The First Official Passion of the Christ Reviews … and 50 First Dates
In this final pre-Passion Film Forum, you will find a few links to coverage of Mel Gibson's zero-hour defense of his film and his faith.
But first, take note: Reviews of The Passion of the Christ from religious press film critics (as opposed to church leaders) are finally popping up online. After the hype over the blood, concerns over alleged anti-Semitism, speculation about the film's potential as an evangelistic tool, paranoia over its lack of historical accuracy, and misinformation over its distribution … at last we have some articles that examine the film.
(Actually, such reviews are officially breaking an embargo Gibson's production company has put on official reviews, which is a pretty standard practice in the film industry. In any case, come visit Film Forum next Thursday, and you'll find links to a parade of critical responses.)
In an article appearing soon at Steve Lansingh's The Film Forum, film critic Stef Loy says, "The Passion of the Christ is a visceral, cinematic pulse enabler, raw and bloody, ready to bite into your heart and cause your eyes to well up with tears. Never before has the language of cinema had the potential to challenge the church at large to wake up to the reality of film. It is here to speak and move, to challenge our preconceived notions about life, to affect us in ways that no other medium will ever aspire to."
He acknowledges the film's profound effect on Christian audiences. But what of those unchurched masses who will begin to see the film next week? Loy says, "Perhaps it is too strong. Perhaps the liberties that are taken are too harsh. Perhaps it is exactly what a culture looking for substance will relate to."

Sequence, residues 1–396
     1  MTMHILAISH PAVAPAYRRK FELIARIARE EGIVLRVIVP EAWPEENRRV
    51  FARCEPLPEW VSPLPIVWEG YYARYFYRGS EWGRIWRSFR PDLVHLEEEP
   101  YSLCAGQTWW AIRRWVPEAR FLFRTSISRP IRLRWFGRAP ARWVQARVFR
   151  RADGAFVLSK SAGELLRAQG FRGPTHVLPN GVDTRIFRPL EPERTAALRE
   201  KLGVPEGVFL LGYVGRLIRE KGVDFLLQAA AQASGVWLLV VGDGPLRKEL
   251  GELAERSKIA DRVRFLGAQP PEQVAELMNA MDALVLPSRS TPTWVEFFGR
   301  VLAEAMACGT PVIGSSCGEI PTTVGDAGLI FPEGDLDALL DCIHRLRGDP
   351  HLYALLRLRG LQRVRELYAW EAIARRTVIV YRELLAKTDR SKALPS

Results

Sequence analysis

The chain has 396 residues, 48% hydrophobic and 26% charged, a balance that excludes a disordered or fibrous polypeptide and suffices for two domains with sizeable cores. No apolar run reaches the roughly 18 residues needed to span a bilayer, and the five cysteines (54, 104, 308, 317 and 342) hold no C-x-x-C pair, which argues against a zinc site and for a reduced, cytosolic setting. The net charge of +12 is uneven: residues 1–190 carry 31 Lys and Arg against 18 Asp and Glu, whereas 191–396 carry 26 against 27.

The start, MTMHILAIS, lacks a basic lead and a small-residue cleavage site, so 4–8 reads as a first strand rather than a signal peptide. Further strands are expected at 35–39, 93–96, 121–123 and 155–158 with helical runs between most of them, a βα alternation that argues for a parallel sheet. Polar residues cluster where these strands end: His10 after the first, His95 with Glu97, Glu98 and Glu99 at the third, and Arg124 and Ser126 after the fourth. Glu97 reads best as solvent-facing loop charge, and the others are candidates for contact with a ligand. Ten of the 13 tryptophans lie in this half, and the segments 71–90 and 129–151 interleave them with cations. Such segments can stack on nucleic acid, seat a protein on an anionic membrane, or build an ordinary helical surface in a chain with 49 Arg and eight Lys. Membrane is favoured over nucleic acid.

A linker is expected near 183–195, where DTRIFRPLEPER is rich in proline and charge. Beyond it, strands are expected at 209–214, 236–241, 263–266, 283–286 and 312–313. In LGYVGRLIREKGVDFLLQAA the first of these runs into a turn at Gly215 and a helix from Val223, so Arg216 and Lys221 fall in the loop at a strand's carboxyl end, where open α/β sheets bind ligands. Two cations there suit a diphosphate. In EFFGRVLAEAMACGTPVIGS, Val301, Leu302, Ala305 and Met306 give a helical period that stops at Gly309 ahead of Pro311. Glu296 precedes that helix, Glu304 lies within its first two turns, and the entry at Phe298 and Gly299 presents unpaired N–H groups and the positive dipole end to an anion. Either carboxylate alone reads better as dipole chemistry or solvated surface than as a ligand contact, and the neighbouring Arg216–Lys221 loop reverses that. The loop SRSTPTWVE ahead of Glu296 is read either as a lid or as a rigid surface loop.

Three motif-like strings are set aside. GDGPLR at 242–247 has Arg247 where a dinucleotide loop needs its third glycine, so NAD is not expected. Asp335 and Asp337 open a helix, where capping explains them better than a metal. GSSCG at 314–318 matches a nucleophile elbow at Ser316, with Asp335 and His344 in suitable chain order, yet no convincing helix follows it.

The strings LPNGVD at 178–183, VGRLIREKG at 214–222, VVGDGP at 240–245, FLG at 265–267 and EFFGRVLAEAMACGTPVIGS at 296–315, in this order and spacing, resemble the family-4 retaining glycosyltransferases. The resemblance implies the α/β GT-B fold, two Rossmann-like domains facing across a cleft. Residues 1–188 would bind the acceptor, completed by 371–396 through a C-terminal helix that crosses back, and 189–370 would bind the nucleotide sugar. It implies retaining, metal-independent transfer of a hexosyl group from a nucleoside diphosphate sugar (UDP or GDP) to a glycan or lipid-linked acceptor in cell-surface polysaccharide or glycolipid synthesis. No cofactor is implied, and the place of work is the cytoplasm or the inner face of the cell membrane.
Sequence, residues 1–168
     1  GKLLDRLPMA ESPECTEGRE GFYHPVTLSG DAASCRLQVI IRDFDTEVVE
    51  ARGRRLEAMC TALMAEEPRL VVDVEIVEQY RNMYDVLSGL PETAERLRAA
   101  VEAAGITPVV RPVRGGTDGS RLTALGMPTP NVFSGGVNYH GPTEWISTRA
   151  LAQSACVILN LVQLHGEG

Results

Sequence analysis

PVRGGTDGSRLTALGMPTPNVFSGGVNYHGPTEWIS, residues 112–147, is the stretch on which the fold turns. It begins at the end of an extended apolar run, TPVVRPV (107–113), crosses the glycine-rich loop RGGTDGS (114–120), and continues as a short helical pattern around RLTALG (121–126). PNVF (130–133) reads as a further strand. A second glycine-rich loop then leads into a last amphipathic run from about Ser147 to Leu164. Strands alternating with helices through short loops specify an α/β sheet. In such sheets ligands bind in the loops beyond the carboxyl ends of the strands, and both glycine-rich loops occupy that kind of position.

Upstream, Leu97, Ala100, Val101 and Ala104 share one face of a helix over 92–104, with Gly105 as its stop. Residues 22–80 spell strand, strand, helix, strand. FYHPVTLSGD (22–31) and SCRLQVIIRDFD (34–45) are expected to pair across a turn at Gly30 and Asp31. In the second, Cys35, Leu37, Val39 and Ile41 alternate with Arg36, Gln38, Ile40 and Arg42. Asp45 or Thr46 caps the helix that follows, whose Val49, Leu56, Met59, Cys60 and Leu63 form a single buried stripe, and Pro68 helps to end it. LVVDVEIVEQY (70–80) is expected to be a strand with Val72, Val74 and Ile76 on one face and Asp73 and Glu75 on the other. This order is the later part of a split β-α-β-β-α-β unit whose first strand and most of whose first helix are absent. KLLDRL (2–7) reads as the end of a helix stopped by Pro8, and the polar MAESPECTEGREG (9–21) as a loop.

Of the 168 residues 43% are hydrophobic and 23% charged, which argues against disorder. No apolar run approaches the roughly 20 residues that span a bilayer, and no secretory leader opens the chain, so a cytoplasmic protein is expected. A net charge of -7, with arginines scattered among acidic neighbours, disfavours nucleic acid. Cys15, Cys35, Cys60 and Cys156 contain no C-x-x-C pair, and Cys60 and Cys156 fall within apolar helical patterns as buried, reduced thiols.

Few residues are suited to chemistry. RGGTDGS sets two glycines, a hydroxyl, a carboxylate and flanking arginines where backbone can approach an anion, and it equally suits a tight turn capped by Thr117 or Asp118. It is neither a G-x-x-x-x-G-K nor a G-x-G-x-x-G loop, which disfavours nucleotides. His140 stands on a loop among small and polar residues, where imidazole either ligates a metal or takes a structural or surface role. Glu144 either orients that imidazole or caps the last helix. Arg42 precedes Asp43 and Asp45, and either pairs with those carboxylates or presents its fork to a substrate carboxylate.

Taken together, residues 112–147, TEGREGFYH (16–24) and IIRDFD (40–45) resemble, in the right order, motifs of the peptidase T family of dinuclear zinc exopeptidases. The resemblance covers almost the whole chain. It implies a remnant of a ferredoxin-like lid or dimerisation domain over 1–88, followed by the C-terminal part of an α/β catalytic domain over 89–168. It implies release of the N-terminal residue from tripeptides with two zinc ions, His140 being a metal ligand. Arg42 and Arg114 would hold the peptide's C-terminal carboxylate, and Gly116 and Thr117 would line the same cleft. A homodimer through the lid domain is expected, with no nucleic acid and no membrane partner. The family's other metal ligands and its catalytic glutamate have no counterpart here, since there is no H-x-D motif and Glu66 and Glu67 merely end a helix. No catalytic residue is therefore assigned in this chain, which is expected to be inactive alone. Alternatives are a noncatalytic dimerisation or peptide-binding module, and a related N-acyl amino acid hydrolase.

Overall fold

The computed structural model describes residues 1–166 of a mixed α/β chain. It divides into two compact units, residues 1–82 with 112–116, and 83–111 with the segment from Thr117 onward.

"This is definitely not a date movie; it is a think flick," says Steve Beard (Good News). "Church folks should be warned, this is not a family-friendly 'Christian' movie such as Chariots of Fire or The Ten Commandments. The Passion is the most brutal movie you will probably ever see. People will be sobbing in the theaters or running out to get sick in the lobby."
He echoes one of the prevalent questions: "Is there too much gore and violence in The Passion? Probably. It made me turn my head. I just kept whispering, 'Dear Jesus,' to myself throughout many of the scenes. It is the most sadistic and simultaneously holy thing I have seen."
In the email newsletter sent to Movieguide readers, a critic offered the typical Movieguide cautions regarding such volatile issues as violence and upper male nudity (!). But he also called it "an artistic masterpiece. The pacing and style have a foreign feel, and the violence is intense. Those who watch it will understand, perhaps for the first time, the price that Jesus paid to forgive us our sins." The review declares it "a must-see movie, beautifully directed, powerfully acted, with terrific sound."
Posting one of the first mainstream Internet reviews of the film, Online Film Critic Society member Jeff Huston (Mixed Reviews) writes, "The weight of The Passion … is like a physical force. This burden is felt—quite literally—and only grows heavier in the soul as this unforgiving testament unfolds. Yet while it weighs heavy, its burden is also unique in that it leads to such humbling inspiration. This Man's passion moves you."
He adds, "Anybody can stage violence. What Gibson brings to this retelling that none of his predecessors have is the spiritual dimension."
And regarding that anti-Semitism controversy, Huston responds, "Anyone who uses [the movie] as vindication for hatred and bigotry (anti-Semitic or otherwise) is as inexplicably—or willfully—obtuse to the film's message as its critics seem to be."